Eva a Lilith

June 25, 2012
The Jiří Myron Theatre at 19:30
František Chaloupka Eva and Lilith (commissioned by Ostrava Center for New Music)
Jiří Nekvasil, David Bazika, Stage directors
Lucie Vítková, Lucie Páchová, Voice
Dunami Ensemble (Brno)

František Chaloupka (1981, Frýdek-Místek) initially studied singing and composition at the Janáček Conservatory in Ostrava (2000-04). He then continued his composition studies at the Janáček Academy of Music (JAMU) in Brno under Martin Smolka. Subsequently, he attended the Royal Conservatoire in the Hague in 2006, studying under Louis Andriessen, Martijn Padding, Richard Ayres, Clarence Barlow, Diderik Wagenaar, and Gilius van Bergeijk. Ostrava Days Festival 2007 hosted a performance of his orchestral work An Ancient Calligraphy. Chaloupka graduated from JAMU in 2009, after completing his piece Naklonit si Nebesa (Smooth the Heaven) for symphony orchestra. His compositionwas performed by Janáček Philharmonic Ostrava at Ostrava Days 2009. In 2011 he founded Dunami Ensemble, where he is Artistic Director. Eva and Lilith is his new opera, commissioned by NODO festival.

Eva and Lilith
Adam and Eva. Adam and Lilith. Eva and Lilith.

According to ancient Mesopotamian myths, Jewish Gnostics and Cabalists believe the first wife of Adam wasn’t Eva but Lilith. Lilith was created to be equal to Adam, but she was too wild and independent. After she resisted God, she was expelled to the Red Sea, where she became the bride and mistress of demons. Adam had prayed to God to find her, so God sent three angels to bring her back, but she decided to stay.She became an evil demon. This story was discarded from Bible. According to legend, Lilith was also a snake who gave Eva an apple in revenge.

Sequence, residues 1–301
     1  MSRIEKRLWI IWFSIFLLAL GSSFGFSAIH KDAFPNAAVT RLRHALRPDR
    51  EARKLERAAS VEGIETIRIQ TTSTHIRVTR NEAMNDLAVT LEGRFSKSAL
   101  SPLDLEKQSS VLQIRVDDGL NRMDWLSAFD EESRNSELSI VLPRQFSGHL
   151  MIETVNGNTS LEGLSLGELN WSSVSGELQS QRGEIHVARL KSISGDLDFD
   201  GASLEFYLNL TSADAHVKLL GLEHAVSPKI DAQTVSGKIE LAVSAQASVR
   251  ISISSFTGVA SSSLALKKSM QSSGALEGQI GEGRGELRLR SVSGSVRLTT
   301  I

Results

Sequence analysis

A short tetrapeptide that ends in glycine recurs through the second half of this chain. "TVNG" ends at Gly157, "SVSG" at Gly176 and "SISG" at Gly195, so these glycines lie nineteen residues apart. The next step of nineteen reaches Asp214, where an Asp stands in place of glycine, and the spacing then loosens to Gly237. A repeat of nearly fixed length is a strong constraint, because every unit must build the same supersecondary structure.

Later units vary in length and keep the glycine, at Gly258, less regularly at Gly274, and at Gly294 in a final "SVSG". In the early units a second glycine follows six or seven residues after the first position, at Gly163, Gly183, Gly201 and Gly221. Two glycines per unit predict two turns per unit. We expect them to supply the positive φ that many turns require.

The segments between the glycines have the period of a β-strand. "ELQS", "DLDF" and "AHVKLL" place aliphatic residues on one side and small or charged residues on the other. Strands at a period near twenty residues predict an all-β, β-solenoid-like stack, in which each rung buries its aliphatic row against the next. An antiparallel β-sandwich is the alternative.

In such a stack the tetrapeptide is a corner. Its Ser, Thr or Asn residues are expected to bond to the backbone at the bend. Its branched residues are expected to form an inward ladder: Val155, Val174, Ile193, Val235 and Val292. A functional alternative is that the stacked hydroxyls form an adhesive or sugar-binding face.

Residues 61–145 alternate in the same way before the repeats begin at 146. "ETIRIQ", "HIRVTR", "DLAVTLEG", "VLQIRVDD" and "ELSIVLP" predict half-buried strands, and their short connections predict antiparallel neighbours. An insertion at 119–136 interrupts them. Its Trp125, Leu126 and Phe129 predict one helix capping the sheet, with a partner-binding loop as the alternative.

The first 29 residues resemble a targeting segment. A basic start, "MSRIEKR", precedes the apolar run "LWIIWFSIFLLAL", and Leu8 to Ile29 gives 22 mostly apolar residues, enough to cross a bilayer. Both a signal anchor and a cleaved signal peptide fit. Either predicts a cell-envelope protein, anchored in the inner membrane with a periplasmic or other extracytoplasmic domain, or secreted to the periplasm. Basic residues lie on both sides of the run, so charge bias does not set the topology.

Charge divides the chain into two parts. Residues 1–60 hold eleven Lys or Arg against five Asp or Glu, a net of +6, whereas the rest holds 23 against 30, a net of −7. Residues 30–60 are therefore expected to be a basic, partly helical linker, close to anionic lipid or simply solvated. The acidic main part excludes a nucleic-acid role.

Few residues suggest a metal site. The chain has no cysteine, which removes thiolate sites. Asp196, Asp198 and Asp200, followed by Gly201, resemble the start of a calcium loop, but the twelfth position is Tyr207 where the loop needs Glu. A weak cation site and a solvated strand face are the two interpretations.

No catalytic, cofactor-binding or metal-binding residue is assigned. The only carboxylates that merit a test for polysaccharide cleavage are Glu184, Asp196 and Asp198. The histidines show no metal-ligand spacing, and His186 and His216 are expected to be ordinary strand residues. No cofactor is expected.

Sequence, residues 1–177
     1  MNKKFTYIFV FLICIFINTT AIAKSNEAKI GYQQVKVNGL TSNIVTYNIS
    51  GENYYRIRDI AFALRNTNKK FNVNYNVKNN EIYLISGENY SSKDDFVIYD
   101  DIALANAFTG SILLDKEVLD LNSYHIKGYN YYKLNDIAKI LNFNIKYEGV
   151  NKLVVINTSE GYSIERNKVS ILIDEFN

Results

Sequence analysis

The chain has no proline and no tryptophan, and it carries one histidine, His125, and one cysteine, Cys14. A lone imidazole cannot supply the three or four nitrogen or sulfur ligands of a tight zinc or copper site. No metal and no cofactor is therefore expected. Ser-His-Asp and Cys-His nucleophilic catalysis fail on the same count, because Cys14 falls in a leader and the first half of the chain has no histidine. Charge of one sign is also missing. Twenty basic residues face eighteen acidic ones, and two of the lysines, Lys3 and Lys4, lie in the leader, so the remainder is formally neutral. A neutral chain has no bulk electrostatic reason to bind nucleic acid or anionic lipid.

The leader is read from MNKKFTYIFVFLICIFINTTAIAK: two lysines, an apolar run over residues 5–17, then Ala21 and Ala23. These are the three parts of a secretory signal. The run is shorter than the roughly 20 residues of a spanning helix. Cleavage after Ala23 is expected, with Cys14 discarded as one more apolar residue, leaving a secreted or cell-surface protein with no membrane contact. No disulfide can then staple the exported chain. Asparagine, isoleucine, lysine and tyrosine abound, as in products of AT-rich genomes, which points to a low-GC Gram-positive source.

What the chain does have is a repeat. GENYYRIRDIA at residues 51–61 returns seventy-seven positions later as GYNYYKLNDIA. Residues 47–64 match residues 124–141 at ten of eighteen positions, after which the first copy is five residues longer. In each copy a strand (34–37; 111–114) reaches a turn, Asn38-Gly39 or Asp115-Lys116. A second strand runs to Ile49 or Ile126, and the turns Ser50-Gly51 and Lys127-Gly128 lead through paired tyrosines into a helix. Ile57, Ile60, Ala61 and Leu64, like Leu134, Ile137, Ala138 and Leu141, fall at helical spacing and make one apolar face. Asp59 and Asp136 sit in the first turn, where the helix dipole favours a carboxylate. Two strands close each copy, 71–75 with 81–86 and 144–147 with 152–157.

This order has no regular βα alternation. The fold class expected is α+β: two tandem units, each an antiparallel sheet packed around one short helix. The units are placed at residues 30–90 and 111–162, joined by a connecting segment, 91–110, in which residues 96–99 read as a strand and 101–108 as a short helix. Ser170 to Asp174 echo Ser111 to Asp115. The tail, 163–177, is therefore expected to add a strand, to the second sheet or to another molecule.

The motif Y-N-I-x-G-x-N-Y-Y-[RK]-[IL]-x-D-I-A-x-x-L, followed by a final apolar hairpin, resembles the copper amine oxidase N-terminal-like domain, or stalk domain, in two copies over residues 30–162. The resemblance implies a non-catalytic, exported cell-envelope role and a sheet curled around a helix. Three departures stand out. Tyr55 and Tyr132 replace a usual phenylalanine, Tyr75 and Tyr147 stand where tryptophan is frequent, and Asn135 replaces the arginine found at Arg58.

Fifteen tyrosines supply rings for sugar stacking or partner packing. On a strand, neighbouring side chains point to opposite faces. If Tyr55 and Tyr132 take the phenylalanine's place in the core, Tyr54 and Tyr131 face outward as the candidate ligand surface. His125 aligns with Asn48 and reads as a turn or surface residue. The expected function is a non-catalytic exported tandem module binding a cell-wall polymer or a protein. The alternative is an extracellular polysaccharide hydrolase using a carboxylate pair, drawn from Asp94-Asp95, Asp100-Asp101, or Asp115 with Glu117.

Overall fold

The opera Eva and Lilith draws on the theme of these contrasting archetypes: the meek and faithful Eva, and the demonic and sensuous Lilith. These two archetypes are struggling, both against each other as well as against the male world.

This mythological story about these two great characters is interwoven with scenes from history where two women fight against each other – mostly the two women of a famous man. Scenes recall the fate of famous actresses, or Jim Morrison’s mistresses, Nazi boss’ wives, ancient heroines, holy women, cursed women and witches. It is a reflection about woman’s position in society and how women deal with a world ruled by powerful men.

Eva and Lilith is a féerie sparkling with erotic charge, a multifarious collage, a curio cabinet display. It is an exhibition of feminine beauty and sublimity as well as of their reverse face: that of darkness and feminine demons.



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